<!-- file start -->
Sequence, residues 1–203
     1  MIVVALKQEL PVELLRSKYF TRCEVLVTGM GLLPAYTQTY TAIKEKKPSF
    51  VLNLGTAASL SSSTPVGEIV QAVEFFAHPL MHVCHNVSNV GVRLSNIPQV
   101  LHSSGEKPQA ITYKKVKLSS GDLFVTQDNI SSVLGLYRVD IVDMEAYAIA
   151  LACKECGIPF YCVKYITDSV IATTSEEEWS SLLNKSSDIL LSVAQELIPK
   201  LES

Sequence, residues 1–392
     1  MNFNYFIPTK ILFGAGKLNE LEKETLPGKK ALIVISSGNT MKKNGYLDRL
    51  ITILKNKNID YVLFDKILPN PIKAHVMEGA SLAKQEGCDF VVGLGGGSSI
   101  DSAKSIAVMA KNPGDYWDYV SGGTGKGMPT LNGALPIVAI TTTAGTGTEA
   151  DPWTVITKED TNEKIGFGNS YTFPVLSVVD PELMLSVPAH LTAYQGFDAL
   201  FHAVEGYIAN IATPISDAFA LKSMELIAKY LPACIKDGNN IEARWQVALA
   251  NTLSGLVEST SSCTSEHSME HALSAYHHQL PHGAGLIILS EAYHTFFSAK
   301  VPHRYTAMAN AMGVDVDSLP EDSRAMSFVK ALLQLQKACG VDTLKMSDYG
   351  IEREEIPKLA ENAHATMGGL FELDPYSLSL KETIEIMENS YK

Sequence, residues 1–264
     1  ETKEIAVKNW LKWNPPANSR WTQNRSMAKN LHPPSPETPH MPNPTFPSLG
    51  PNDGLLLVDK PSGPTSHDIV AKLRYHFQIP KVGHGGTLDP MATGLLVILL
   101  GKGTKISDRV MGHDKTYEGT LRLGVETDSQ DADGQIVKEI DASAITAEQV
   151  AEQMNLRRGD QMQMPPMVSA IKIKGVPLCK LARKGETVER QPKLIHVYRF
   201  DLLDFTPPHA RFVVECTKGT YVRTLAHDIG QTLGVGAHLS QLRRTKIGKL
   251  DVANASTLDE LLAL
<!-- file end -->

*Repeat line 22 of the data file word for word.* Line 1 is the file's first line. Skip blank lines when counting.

   251  DVANASTLDE LLAL